This is an excerpt from my book, Unmistakable Impact: A Partnership Approach for Dramatically Improving Instruction.
In instructional coaching the practice of coaching occurs within confidential relationships. There are at least three reasons for this.
First, when coaches deal with what matters to teachers, they are privileged to see and hear information most others will not see and hear. To share that private information with others is a violation of a person’s privacy. Second, coaching is much more productive when collaborating teachers are open about their ideas, thoughts, and fears. For many teachers, knowing that instructional coaching conversations are confidential makes it easier for them to talk about what really matters. Third, when we ensure that instructional coaching is confidential, we increase the chances that teachers will choose to work with a coach.
However, not everything a coach does, can or should be confidential. For example, instructional coaches need to keep principals informed of whom they are working with and what they are working on. Instructional coaches working with the Kansas Coaching Project discriminate between what should and should not be shared by saying that coaches do not share data or evaluative information. We communicate clearly to teachers that instructional coaching is nonjudgmental. Coaches are partners helping teachers learn new practices, not evaluators. Indeed, in most cases instructional coaches have no administrative training on how to evaluate teachers, so it would not be appropriate for them to evaluate teachers anyway.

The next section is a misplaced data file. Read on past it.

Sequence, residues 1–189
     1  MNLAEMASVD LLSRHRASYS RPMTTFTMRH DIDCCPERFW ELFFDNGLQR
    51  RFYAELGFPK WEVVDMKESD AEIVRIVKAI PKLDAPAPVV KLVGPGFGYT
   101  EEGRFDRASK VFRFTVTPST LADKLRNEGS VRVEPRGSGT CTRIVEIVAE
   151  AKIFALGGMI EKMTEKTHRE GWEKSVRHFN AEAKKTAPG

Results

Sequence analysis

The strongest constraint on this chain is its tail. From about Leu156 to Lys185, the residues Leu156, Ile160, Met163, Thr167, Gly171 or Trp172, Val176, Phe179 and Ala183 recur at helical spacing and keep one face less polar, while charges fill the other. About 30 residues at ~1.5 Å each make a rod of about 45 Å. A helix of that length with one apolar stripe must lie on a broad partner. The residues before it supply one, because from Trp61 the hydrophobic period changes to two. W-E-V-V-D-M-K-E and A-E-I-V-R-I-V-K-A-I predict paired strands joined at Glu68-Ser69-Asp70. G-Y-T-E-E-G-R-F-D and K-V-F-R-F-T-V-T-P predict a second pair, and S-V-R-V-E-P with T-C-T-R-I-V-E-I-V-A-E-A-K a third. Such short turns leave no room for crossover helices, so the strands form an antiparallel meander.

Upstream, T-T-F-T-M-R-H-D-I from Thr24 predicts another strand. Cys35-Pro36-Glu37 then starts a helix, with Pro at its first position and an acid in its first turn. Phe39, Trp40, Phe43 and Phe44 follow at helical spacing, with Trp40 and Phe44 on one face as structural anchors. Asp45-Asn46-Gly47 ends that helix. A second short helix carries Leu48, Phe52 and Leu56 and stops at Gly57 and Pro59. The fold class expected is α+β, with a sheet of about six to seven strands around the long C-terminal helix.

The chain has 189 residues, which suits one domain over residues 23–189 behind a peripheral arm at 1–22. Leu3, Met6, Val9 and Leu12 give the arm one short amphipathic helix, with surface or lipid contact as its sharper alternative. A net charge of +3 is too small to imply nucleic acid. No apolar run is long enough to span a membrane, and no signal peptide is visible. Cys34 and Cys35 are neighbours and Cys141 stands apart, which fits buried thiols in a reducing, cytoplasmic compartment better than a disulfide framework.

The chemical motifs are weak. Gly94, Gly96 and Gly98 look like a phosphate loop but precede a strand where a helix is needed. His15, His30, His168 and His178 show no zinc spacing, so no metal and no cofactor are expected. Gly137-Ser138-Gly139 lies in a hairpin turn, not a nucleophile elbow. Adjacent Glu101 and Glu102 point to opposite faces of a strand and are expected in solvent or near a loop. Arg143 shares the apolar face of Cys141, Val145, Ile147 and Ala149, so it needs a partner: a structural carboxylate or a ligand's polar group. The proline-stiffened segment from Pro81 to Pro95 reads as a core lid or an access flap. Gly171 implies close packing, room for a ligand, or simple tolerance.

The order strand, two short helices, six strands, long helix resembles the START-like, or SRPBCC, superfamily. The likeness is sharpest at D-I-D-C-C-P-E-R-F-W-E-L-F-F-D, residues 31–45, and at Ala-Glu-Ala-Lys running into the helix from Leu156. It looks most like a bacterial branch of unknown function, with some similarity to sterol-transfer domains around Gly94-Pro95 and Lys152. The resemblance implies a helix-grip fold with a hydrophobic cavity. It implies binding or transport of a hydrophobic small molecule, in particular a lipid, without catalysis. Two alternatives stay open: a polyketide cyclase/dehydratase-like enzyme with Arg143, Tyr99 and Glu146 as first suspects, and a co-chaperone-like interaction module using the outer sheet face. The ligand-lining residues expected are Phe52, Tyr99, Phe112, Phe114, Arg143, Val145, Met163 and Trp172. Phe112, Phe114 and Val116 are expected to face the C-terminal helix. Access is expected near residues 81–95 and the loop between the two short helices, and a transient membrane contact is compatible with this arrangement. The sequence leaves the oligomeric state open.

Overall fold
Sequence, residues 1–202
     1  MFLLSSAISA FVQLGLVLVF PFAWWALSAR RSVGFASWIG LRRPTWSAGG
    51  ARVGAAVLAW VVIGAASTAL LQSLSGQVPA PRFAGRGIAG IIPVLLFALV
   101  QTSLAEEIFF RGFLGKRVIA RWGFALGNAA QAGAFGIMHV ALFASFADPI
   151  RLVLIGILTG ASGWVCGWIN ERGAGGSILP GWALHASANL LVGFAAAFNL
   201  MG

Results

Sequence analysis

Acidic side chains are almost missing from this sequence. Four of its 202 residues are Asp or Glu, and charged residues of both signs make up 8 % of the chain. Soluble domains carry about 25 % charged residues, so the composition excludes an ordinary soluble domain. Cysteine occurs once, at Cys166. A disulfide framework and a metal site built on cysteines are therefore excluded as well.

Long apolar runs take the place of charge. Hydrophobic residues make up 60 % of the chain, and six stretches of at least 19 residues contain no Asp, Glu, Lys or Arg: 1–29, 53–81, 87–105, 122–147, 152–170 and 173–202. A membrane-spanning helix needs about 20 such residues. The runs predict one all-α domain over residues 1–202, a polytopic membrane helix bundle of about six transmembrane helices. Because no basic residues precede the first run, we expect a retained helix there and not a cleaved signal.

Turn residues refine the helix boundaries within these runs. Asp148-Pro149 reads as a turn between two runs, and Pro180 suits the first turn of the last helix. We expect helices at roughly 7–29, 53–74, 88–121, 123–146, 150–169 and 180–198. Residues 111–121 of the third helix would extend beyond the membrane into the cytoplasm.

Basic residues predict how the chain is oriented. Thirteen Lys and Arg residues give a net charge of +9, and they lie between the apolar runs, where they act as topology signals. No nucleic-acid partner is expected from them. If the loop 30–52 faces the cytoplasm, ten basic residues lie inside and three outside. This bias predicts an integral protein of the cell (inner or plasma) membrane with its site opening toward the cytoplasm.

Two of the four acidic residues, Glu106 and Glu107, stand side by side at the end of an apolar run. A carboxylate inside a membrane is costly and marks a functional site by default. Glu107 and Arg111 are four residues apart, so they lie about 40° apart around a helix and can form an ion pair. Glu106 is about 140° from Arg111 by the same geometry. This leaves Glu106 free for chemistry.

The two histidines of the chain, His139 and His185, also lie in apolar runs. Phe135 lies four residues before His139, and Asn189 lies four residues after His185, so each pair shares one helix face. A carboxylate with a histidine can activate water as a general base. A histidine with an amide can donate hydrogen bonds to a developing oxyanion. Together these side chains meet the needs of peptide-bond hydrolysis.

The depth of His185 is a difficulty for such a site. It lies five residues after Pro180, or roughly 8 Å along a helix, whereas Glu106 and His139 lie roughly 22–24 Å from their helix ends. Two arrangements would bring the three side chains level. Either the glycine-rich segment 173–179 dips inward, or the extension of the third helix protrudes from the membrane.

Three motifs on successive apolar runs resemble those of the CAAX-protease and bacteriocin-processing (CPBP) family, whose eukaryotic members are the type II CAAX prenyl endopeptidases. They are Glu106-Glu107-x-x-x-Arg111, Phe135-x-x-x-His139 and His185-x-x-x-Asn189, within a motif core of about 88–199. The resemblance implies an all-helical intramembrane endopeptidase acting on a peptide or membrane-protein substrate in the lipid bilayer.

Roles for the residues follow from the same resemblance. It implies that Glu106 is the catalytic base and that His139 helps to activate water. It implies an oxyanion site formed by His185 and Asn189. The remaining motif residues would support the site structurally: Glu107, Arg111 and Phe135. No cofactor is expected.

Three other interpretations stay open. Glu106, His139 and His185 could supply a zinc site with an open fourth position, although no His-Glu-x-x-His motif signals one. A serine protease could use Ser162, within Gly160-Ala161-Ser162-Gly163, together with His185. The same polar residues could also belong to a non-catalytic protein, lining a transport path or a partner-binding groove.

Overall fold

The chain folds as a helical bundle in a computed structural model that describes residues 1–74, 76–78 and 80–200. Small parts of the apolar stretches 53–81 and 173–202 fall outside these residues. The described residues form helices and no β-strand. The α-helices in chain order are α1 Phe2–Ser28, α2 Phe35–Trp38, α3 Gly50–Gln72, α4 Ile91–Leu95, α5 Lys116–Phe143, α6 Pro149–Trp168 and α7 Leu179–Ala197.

In some schools confidentiality is not an issue. In especially positive, safe settings, teachers may be more than comfortable having their coach share any information. Indeed, Michael Fullan (2008) identifies transparency as one of his six secrets of change, stating that “when transparency is consistently evident, it creates an aura of ‘positive pressure’ – pressure that is experienced as fair and reasonable, pressure that is actionable in that it points to solutions, and pressure that ultimately is inescapable” (p. 14).
To create settings where such transparency is possible may require baby steps. In a culture where there is not a great deal of trust, confidential instructional coaching can be the default mode, but over time, if teachers agree, more information can be shared. The greater the lack of trust initially, the more important confidentiality usually is. What is most important is that principals and coaches clearly delineate what they will and will not discuss, communicate that policy across the school, act consistently with the policy. Perceived betrayal of trust can severely damage an instructional coaching relationship. For example, when a teacher says something to a coach that she think will be kept privately by the coach, and then discovers that what she said was shared with others, it may be impossible for the coach to ever win back the teacher’s trust.